The German economy in April 2019 – Recovery! Really?

The silver lining at Germany’s economic sky anticipated in my March monthly (here) got even brighter in April 2019. But, as we will see in the following, the positive development hinges on particular factors, which might not last long. But let’s go through the data in the usual order:

After dismal data in the previous months (-0.2% in the third and 0.0% in the fourth quarter of 2018), Germany’s GDP somehow managed to achieve a stunning 0.4% growth in the first quarter of 2019. However, as exports still did not grow (see below), the growth is mainly attributed to (crazy) building activities and general consumerism (cf. here for further details).

The German DAX followed the growth-story: After closing at 11,525 points on 29 March 2019 (here), it stated climbing nearly uninterrupted, gained 819 points and ended at 12.344 points on 30 April 2019. What a rebound! Or is it a dead-cat bounce?

Also in March 2019, German exports kept on gaining with another 1.9% gained another ((YoY); compared to February: 3.9%; January: 1.7%; December: -4.5%, November: 0.0%, October: +8.5%, September -1.2%, August: +2.2%, July: +7.6% (all YoY)). And: while exports lost on a monthly basis in the last months, they also grew by 1.5% in March 2019. Hence, overall, German exports grew constantly since the start of the year – despite the current trade-wars. Or, because of it? The reason for this growht might be a stock-piling before tariffs hit rather than “organic” growth. The next months will show. The (corresponding) German Target 2 balance, after gaining an incredible Euro 69 Billion (!) in February, lost Euro 22 Billion and fell from Euro Euro 941 Billion in March to 919 Billion in April 2019. The German inflation-rate, coming out at 1.3% (YoY) in March rose to 2.0% in April 2019.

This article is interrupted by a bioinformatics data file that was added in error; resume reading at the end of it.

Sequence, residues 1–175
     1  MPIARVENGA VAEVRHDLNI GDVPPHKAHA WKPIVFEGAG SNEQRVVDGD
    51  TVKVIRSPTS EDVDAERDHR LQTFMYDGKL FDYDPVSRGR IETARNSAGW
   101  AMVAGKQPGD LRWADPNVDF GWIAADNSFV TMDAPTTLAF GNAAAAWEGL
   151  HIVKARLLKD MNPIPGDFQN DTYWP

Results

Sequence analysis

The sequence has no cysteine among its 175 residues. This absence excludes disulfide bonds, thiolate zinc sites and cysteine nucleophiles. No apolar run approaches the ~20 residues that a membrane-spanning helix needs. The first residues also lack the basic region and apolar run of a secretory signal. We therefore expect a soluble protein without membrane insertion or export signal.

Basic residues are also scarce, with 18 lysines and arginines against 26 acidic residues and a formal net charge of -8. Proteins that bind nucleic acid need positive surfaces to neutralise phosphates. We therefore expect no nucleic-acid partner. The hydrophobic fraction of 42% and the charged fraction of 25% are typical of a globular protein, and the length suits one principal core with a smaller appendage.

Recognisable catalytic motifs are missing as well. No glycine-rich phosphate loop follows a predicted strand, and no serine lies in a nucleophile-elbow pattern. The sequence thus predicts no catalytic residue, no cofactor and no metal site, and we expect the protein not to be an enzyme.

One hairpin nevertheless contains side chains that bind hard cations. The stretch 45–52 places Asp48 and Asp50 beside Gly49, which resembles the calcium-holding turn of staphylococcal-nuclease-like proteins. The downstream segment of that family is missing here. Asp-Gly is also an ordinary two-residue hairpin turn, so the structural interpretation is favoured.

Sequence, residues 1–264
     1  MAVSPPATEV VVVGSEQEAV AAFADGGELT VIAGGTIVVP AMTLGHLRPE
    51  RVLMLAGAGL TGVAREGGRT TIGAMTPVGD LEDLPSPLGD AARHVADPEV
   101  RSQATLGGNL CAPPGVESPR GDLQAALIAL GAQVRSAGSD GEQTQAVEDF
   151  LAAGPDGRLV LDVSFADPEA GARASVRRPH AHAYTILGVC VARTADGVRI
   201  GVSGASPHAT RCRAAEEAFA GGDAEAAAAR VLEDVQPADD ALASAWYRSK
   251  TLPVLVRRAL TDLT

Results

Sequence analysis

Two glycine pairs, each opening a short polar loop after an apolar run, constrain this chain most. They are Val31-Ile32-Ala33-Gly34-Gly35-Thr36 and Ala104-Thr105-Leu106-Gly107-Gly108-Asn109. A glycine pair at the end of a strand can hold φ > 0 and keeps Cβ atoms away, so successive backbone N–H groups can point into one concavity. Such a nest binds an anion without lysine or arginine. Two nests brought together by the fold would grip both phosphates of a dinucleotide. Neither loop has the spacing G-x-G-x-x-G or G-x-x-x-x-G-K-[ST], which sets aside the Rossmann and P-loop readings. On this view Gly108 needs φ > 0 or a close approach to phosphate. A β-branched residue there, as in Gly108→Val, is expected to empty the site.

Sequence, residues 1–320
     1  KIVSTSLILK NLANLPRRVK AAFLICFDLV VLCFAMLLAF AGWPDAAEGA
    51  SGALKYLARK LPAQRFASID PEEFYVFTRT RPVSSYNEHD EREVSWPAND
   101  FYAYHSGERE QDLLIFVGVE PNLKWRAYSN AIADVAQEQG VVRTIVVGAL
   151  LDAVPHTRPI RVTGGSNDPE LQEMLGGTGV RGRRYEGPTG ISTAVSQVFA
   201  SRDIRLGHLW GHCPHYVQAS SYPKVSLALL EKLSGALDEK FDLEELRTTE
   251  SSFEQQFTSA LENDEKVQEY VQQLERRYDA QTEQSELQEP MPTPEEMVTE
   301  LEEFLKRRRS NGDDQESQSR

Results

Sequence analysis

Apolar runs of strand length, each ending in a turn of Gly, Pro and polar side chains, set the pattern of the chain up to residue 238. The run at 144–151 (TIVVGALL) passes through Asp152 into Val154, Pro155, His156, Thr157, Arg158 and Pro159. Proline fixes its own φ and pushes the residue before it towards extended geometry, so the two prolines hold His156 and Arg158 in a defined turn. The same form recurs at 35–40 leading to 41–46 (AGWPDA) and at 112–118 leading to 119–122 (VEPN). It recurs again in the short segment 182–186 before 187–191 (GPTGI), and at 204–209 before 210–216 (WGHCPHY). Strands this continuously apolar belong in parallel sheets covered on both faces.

Germany’s industrial production registered a further decline in March 2019 on an annual basis with -0.9% (YoY), while again gaining on a monthly basis (+0.5% MoM)). Hence, on an annual basis there is a constant decline in production since December 2018 (December 2018: -0.4% (MoM) / -3.9% (YoY), January: -0.8 (MoM) / -3.3 (YoY), February: +0.7 (MoM) / -0.4 (YoY)). German industrial orders, after already tanking in February with -4.2% (MoM) and -8.4% (!) YoY, fell further on an annual basis with +0.6 (MoM) and -8.1% (!!!) (YoY) in March 2019 (after -2.6 (MoM) / -3.9 (YoY) in January 2019, -1.6% (MoM) / -7.0% (!!!; YoY) in December and -0.2% (MoM) / -3.4% (YoY) in November 2018). This is the very definition of a crash, I would say – however, German MSM are rather mute about this development.

Again, the German unemployment-rate fell by another -72,000 (MoM) and -157,000 (YoY) to 2.301m, or 5.1% in March 2019. German corporate insolvencies, after rising by 5.7% in January, lost another 2.8% in February 2019, hence rather resumed their downward trend of the previous years. Prominent turnaround boutiques’ surveys. though, point to already rising restructuring activities.

The leading German sentiment indicators were not in sync in March: the German (Industrial) Purchasing Managers’ Index (PMI) seems to plateau on a low basis now, and slightly inceased from 44.1 points on 1 April to 44.4% on 1 May 2019. The estimates on the current economic situation, according to the ZEW Indicator, further tanked in April: After the loss of 3.9 points from 15.0 points in February to 11.1 points in March, the index shed another 5.6% in April 2019 and now stands at 5.5% (however the outlook is improving at least). Also, the Ifo business climate index, after posting a gain from 98.5 points in February to 99.6 points in March, resumed its decline again in April with only 99.1 points in April 2019.

To sum up: The German GDP is growing again, thanks to (overpriced?) construction activities and consumerism, German exports are gaining (despite or because of trade wars), while industrial productions is declining since months and industrial orders are TANKING. The DAX and unemployment – as lagging indicators – are still strong, though. The sentiment among German managers is dire – though spangled with some optimism – but this might also prove to be zweckoptimismus….

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